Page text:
Civil Society, NGOs and the State

Subject DEVT90039 (2010)

Note: This is an archived Handbook entry from 2010.

Credit Points: 12.50
Level: 9 (Graduate/Postgraduate)
Dates & Locations:

This subject has the following teaching availabilities in 2010:

Semester 1, Parkville - Taught on campus.
Pre-teaching Period Start not applicable
Teaching Period not applicable
Assessment Period End not applicable
Last date to Self-Enrol not applicable
Census Date not applicable
Last date to Withdraw without fail not applicable

Timetable can be viewed here. For information about these dates, click here.
Time Commitment: Contact Hours: One 1 hour Lecture and one 1 hour tutorial per week throughout the semester.
Total Time Commitment: An average of 10 hours per week
Prerequisites: Completion of Understanding Development, or equivalent.
Study Period Commencement:
Credit Points:
Corequisites: None
Recommended Background Knowledge: None
Non Allowed Subjects: This subject was previously known under the code 121-408. Students who have completed 1214-08 cannot enrol in this subject
Core Participation Requirements:

For the purposes of considering requests for Reasonable Adjustments under the Disability Standards for Education (Cwth 2005), and Students Experiencing Academic Disadvantage Policy, academic requirements for this subject are articulated in the Subject Description, Subject Objectives, Generic Skills and Assessment Requirements of this entry.

The University is dedicated to provide support to those with special requirements. Further details on the disability support scheme can be found at the Disability Liaison Unit website :

Subject Overview: In the nearly two decades since the end of the Cold War, the world has witnessed a remarkable rejection of the big plans and projects that characterized the period of high-modernization that existed between the Bretton Woods pact of 1944 and the end of the par value system in 1971. In place of hydroelectric engineering feats, geographically based industrial zones, and political experiments in &amp.amp.quot.third world welfare states&amp.amp.quot. a multitude of social policy initiatives and international development programs tied to smaller, more efficient, face to face, culturally appropriate, and voluntary civil society based organizations have proliferated. This has spawned a sea of buzzwords, acronyms, and theoretical assumptions such as social capital, capacity building, governance and accountability, empowerment, participatory development, and non-governmental, community based, and third sector organizations (NGOs, CBOs, and TSOs). These new civil society approaches to international development assistance have become hegemonic and ubiquitous across all sectors of the development industry from small grassroots organizations to large multilateral donors such as the World Bank and the International Monetary Fund. For many policy scientists these changes represent a welcome move towards sustainability, development on a human scale, and an end to the outrageous geopolitically driven excesses of the Cold War. However, some have argued that these approaches are the harvest of an exhaustion of utopian energies, post-modern fatalism, and a retreat from enlightenment visions of rationalism, progress, and the perfectability of mankind. This subject will examine critically different perspectives.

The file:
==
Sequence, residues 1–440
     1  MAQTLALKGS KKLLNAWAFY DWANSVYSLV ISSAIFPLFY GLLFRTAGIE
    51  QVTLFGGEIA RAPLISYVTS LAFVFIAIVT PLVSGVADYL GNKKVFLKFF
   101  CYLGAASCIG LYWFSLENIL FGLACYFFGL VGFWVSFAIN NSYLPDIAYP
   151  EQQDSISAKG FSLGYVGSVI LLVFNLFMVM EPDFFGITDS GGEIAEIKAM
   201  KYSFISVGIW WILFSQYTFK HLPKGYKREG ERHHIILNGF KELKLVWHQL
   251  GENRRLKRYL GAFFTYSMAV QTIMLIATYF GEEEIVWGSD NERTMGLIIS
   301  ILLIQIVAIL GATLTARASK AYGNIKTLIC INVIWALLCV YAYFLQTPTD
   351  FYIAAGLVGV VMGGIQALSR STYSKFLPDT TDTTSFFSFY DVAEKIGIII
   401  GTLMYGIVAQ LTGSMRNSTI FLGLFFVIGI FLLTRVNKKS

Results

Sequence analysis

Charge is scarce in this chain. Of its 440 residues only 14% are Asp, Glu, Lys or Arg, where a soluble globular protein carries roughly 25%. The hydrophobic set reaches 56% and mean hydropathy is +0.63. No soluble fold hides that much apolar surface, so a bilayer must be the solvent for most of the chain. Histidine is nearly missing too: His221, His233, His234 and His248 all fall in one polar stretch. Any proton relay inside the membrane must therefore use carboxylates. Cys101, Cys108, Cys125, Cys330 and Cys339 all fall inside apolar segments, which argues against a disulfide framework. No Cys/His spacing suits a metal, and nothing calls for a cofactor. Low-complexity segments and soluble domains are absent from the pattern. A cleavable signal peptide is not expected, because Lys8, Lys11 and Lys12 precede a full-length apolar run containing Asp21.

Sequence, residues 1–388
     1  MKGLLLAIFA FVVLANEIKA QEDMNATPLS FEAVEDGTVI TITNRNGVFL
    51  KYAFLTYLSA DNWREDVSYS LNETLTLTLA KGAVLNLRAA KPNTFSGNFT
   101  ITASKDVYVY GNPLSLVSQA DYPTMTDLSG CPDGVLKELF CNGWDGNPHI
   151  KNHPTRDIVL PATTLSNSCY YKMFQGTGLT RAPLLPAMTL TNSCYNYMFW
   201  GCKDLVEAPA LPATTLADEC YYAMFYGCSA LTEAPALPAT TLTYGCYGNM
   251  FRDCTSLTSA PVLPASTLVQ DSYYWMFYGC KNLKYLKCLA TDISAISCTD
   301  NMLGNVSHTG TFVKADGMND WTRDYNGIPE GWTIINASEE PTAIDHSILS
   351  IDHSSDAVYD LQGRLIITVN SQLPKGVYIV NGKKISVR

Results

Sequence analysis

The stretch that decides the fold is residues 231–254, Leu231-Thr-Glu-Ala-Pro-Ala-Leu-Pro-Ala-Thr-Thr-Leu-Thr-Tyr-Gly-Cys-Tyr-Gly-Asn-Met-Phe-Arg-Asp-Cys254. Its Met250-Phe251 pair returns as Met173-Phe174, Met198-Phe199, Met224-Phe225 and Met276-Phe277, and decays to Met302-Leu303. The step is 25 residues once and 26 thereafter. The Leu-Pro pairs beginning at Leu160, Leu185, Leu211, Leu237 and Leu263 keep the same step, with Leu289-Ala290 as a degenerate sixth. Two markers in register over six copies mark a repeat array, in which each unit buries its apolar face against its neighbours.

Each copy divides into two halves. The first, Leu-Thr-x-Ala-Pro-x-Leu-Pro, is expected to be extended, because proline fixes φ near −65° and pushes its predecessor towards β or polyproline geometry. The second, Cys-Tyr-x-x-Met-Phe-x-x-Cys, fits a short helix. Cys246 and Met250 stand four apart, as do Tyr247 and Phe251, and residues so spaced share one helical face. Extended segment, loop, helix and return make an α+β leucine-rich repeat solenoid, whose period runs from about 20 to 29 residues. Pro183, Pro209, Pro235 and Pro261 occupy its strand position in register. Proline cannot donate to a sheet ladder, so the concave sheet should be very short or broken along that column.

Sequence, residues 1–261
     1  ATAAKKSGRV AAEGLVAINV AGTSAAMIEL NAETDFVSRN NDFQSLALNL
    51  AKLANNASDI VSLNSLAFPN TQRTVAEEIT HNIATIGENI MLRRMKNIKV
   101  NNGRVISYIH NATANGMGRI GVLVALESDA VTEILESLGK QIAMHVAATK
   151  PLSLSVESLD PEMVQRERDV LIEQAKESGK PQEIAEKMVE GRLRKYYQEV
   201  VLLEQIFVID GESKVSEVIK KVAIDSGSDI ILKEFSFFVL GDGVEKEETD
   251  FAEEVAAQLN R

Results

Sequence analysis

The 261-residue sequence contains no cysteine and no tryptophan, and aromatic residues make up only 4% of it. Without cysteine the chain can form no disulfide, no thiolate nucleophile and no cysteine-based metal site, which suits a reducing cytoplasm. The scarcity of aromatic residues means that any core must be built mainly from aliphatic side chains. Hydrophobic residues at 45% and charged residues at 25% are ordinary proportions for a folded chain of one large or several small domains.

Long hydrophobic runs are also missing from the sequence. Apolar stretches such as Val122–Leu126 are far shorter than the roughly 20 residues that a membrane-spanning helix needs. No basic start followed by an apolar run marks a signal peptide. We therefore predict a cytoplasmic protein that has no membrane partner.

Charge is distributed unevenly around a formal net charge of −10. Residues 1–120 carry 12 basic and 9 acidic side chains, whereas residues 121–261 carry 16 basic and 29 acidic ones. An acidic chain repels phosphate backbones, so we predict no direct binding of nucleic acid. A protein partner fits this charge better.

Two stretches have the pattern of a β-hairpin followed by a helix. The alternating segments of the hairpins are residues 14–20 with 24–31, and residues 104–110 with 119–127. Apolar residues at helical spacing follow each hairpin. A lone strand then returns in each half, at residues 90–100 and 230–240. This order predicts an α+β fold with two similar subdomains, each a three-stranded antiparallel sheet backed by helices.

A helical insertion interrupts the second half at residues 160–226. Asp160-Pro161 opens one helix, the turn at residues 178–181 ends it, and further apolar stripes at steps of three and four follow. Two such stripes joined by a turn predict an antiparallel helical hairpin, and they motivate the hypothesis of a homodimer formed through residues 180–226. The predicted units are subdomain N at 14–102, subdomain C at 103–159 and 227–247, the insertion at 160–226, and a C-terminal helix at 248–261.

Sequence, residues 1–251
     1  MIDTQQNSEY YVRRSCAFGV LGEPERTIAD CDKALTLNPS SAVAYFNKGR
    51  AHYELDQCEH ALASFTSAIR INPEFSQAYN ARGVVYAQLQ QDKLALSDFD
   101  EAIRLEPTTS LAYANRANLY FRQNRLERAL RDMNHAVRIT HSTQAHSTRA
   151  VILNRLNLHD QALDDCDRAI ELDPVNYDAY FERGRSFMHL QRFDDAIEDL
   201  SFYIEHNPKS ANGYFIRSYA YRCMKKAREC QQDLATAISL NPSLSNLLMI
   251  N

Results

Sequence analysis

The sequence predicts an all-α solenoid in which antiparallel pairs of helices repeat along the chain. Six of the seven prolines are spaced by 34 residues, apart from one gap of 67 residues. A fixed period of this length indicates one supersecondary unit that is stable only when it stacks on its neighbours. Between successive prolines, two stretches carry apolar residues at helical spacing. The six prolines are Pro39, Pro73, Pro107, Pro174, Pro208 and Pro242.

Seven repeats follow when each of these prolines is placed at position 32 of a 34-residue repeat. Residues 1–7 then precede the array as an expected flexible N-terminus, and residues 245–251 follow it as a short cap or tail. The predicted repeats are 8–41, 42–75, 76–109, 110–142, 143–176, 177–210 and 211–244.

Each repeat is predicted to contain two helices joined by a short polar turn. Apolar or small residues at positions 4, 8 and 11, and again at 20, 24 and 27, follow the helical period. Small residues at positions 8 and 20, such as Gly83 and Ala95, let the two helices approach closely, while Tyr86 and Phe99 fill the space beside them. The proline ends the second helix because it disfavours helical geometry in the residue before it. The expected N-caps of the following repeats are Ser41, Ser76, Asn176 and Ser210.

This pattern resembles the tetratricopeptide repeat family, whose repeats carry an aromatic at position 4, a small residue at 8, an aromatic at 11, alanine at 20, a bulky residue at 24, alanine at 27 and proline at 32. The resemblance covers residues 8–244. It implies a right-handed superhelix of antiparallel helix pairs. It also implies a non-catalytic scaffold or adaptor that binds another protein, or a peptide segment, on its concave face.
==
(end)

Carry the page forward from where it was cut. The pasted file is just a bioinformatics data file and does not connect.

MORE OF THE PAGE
Students who successfuly complete this subect will:

  • Recognise and explain key theories of the state, NGO's and civil society
  • Demonstrate a knowledge of the strengths, weaknesses, and embedded assumptions of these theories
  • Critique these major approaches and their critics, both externally and on their own terms
Assessment: A 2000 word paper worth 30% (due at end of week 7), a 3000 word research paper 60% (due two weeks after the end of week 12), and a 15 minute group presentation 10% (working in a group on an allocated topic beginning in week 2 of semester)
Prescribed Texts:
  • Utopia Unarmed: The Latin American Left After the Cold War. (Castaneda, Jorge. ) New York: Knopf. 1993.
  • 'Forward' in Whose voice? Participatory research and policy change. (CHAMBERS, ROBERT . Edited by Jeremy Holland with James Blackburn.) London: Intermediate Technology.1998
  • It takes a village: And other lessons children teach us. (CLINTON, HILLARY R. ) New York: Simon &amp.amp.amp.amp.amp.amp.amp. Schuster. 1996.
  • Blurred boundaries: The discourse of corruption, the culture of politics, and the imagined state. (GUPTA, AKHIL. ) American Ethnologist 1995. 22:375-402.
  • Change the World Without Taking Power. (HOLLOWAY, JOHN. ) Sterling VA: Pluto Press. 2002.
  • Bowling Alone: America's Declining Social Capital (PUTNAM, ROBERT D. J) Journal of Democracy. 1995. 6:1, 65-78.
Breadth Options:

This subject is not available as a breadth subject.

Fees Information: Subject EFTSL, Level, Discipline & Census Date
Generic Skills:

Students who successfully complete this subject should

  • work independently
  • communicate knowledge effectively
  • think creatively
  • prepare a research paper
Links to further information:
Notes: This subject is compulsory in 097AB Master of Development 200 point program and core in the 150 point program
Related Course(s): Bachelor of Arts (Honours)(Media and Communications)
Master of Development Studies (Gender & Development)
Master of Development Studies(CWT)
Master of Global Media Communication
Postgraduate Diploma in Arts (Media and Communication)
Related Majors/Minors/Specialisations: Development Studies
Development Studies
Development Studies

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